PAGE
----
Should have I said the sale of semi-automatic assault weapons? That's what i meant, anyway. ....and i'm afraid that's wrong too! ;)

    I'm not aware of any serious proposed regulations that would mandate confiscation of any guns from owners. I think such fears are a good example of the NRA fueling the debate with strawmen arguments, that do an effective job of preventing compromise and agreement.'s always weird when people are attacked if they are trying to make a profit working to "change the world"...seems like it should be a win-win.

  27. Expert Member
    MALCOLM TAYLOR | | #27

    Changing the world
    I'm sick to death of anyone going on about wanting to "change the world" - especially by building their own high performance house. The phrase came into popular use from large millennial-run technology companies like Facebook. We could probably do without their type of changes thanks.

    Find something useful to do. Cultivate and nourish your community. Pursue realistic goals. Changing the world isn't one of them.

  28. Expert Member
    Michael Maines | | #28

    We all have our spheres of
    We all have our spheres of influence; none of them are all-encompassing, but many of us work hard at moving the ball forward, if only by inches at a time. We all have the opportunity to change the world; you just need the humility to understand that you can't do it alone, and the results of your individual efforts may not be measurable.

    I agree that super high performance, single-family homes are not going to solve our problems on their own. But in the same way that NASA has driven technological development on a broad scale, the kinds of projects that Ken and 475 supply and promote, and that I work on given the opportunity, are the ones that set the bar for others to follow.

    Boycotting FedEx may be akin to tilting at windmills, but if nothing else it has brought attention to the power of a single business to effect change--including the power to turn away potential customers.

    Finding something useful to do, cultivating and nourishing his community, pursuing realistic goals and indeed changing the world is exactly what Ken is doing.

  29. Expert Member
    MALCOLM TAYLOR | | #29

    I have no views on Ken's efforts to integrate social change with his business. I'll leave that to American citizens who are directly affected. My point was a wider one. There is an element of hubris around the idea that domestic US gun policy, or high performance building, or a hundred other local practices, changes the wider world in any way. Why does that matter? because it confuses the goals we set when we pursue a course of action. Without clear goals we don't know what we are trying to achieve.

    How many of the blogs featured here on GBA start out with some sort of confused mission statement like "I wanted to show the world it was possible to build a green house and live ecologically" - as though they were the first people to build that way and the whole world is watching. That simply isn't useful or a realistic goal. Build the house, do business with who you believe are good partners, cultivate your community, change the lives of the people around you, smile ruefully and shake your head at those who claim they are changing the world.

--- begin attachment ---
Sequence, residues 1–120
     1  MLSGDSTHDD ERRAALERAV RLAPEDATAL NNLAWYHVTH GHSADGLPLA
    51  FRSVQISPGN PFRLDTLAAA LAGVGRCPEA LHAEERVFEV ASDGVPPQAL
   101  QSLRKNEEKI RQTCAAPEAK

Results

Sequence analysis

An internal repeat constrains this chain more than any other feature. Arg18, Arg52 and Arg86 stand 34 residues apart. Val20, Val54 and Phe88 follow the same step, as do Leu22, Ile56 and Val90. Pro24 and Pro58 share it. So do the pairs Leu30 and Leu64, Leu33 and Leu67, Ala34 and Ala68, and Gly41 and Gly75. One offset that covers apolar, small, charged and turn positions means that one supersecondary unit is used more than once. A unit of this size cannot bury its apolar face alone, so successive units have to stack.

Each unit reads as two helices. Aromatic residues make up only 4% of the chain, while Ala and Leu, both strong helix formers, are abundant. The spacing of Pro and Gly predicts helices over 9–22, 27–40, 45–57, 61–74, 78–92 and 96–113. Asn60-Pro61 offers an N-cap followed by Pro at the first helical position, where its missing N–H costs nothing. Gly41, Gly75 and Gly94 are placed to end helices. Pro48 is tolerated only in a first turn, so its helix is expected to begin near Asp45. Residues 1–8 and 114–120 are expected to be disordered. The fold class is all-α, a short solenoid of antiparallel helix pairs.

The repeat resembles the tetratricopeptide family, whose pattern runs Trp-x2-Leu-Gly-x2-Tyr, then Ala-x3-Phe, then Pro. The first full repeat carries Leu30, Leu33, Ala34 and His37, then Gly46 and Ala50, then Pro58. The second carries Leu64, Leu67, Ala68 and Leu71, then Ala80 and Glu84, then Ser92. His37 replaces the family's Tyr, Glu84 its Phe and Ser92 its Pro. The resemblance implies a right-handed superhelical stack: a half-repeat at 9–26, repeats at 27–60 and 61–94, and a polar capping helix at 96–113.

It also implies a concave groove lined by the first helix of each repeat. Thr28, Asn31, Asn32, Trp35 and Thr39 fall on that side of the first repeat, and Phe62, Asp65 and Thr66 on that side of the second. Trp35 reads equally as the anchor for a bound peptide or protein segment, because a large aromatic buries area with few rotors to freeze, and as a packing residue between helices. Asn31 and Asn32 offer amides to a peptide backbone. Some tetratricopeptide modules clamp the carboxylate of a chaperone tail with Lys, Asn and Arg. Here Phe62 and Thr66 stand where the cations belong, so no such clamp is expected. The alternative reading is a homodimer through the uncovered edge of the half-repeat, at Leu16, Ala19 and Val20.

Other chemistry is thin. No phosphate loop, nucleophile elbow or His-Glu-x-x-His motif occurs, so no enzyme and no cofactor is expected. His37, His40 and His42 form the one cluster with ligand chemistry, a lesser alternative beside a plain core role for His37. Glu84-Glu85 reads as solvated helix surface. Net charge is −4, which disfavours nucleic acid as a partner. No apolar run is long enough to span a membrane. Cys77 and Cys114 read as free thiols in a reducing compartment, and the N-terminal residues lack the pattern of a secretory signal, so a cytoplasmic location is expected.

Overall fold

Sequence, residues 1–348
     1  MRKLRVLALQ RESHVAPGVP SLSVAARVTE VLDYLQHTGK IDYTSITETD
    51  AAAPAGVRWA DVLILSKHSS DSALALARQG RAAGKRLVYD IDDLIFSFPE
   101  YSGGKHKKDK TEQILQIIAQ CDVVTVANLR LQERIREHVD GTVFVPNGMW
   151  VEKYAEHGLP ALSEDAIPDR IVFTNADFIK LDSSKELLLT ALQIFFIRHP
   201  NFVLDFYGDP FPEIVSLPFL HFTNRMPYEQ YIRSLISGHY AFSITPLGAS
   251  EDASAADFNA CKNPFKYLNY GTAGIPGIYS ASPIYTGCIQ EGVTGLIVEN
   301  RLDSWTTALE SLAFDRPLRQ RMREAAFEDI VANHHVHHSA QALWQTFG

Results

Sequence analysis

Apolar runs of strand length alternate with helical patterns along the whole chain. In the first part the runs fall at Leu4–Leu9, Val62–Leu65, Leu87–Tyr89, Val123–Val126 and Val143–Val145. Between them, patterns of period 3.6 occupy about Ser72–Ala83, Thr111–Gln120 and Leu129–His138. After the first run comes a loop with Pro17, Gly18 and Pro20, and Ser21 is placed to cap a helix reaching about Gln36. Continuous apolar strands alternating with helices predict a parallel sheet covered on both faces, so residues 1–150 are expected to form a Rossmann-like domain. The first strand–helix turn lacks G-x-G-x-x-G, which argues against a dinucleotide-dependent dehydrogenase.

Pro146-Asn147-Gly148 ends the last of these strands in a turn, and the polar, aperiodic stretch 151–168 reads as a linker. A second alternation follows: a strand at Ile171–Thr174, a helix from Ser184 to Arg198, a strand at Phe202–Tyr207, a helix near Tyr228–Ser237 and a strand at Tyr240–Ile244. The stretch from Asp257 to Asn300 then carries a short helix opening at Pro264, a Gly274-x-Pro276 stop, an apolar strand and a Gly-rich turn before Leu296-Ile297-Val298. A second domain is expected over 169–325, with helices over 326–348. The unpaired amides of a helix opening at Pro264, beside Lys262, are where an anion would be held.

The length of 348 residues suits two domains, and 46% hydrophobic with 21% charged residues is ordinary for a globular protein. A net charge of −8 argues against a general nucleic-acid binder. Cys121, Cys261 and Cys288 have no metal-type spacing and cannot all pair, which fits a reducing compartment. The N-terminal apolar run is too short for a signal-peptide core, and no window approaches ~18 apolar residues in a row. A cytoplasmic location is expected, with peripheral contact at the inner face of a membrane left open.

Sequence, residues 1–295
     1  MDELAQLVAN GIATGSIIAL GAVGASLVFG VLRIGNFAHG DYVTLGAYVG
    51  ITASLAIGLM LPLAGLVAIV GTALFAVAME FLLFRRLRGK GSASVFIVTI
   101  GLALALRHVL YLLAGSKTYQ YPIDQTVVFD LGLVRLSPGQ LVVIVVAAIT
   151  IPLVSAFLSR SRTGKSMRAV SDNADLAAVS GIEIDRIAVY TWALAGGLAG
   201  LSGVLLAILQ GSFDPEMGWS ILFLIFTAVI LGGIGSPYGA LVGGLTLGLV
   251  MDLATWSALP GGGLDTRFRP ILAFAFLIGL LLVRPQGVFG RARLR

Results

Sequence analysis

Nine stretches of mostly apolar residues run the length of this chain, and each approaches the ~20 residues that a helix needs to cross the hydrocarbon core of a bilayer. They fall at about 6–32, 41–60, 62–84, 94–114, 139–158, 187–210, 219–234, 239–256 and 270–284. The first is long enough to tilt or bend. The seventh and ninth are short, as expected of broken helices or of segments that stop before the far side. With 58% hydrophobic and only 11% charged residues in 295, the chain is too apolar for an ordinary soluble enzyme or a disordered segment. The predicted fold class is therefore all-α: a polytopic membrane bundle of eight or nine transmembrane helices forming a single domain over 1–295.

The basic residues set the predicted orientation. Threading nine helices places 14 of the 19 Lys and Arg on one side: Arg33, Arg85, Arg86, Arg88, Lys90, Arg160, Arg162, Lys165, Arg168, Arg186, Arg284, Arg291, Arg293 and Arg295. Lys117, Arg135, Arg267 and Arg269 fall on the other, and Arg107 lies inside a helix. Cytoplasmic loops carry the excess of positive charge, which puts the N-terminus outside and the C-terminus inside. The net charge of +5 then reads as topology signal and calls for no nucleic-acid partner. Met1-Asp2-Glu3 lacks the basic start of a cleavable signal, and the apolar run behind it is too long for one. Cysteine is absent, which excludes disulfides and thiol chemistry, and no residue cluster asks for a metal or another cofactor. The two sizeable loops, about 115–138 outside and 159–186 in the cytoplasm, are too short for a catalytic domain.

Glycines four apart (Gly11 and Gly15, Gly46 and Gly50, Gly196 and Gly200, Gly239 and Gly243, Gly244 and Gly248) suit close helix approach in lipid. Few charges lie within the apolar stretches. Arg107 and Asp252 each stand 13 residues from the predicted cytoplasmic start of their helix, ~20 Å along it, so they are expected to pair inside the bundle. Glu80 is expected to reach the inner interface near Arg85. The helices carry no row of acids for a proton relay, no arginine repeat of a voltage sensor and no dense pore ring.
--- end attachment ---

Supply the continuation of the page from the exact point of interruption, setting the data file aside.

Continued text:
30. exeric | | #30

    I support you, Ken
    It's too bad you were dragged into this debate here simply because you included the information in your company blog. What you're standing for makes me MORE likely to purchase from your company. There are a lot of individuals that have a visceral reaction against someone with empathy for the wider world that is outside of their sphere of personal interaction. I've always felt that such strong reactions from people, who one would think would take a disinterested view, must come from some deep place of personal emptiness. When you don't feel a connection and empathy for that wider world of people and creatures it must be particularly painful to observe that others do have it.

    I'll say it again: you're on the right tract and don't mind the naysayers.

  31. No123456789 | | #31

    I for one appreciate the article for clarifying where I should, and should not spend my money. An added incentive to buy domestic over european is another a bonus.

  32. BobHr | | #32

    So there is a misuse of a
    So there is a misuse of a product so we punish the innocent. In GB they have a gun ban. The weapon of choice is a knife. London had more murders last month than NYC. Now they laws about carrying a knife. An 80 yo man fought off two 2 burglars killing one. Because he used a knife to defend himself he is being charged with a crime.

    Why is it we go after the inamimate object instead of the criminals. Any murder is horrible but let's not take away our rights because of criminals.

    Teach our youth to value all life. Media glorifies death/violence, the drug culutre, anti social behavior etc. Abortion and euthansaisa is viewed by many as normal.

    Law abiding citizens have a right to protection and if they choose to have a gun that is there choice. Businesses that don't support that right may feel the choice of consumers to shop elsewhere.

  33. Expert Member
    MALCOLM TAYLOR | | #33

    Not to detract from your point, but the 80 year old in the UK faces no charges for his actions.